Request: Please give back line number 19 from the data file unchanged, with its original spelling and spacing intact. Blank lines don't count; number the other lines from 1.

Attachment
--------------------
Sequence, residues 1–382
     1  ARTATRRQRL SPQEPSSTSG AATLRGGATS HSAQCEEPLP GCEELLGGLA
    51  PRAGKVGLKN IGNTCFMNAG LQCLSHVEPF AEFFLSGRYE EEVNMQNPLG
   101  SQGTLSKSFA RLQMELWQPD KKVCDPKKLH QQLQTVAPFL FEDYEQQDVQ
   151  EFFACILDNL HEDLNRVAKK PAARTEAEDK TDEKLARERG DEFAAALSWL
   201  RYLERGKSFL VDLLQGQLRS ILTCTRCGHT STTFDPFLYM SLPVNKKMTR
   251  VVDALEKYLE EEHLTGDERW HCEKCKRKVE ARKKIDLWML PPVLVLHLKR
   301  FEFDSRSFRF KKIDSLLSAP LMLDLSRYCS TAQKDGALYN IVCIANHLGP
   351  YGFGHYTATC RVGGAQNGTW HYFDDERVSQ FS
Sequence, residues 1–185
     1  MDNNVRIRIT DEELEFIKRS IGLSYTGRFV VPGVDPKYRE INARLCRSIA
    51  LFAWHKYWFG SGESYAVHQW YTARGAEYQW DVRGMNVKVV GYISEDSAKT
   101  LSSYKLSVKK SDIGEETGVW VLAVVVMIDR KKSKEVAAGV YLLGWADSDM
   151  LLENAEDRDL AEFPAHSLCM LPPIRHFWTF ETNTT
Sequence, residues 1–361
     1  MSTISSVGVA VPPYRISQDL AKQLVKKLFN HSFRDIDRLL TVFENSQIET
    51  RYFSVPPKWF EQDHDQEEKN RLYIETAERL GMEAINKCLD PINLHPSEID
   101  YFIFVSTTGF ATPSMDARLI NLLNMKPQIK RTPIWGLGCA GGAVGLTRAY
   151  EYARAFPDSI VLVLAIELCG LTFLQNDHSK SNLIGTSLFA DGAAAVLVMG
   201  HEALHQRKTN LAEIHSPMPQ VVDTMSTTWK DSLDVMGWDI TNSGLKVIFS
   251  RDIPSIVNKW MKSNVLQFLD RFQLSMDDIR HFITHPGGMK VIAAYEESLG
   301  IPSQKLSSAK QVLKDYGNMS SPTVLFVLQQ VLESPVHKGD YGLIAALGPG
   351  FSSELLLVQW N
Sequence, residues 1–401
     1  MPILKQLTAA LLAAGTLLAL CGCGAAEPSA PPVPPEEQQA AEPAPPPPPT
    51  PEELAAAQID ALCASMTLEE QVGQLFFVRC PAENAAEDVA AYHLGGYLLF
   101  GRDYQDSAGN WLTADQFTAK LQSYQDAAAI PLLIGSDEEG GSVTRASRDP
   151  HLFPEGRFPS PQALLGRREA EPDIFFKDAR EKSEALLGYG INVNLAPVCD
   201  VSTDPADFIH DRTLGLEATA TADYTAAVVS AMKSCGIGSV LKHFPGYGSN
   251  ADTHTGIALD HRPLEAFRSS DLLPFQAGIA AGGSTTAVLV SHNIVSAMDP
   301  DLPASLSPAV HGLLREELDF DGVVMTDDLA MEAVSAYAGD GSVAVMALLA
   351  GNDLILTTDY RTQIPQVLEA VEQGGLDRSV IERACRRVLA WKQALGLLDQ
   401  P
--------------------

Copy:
   151  EYARAFPDSI VLVLAIELCG LTFLQNDHSK SNLIGTSLFA DGAAAVLVMG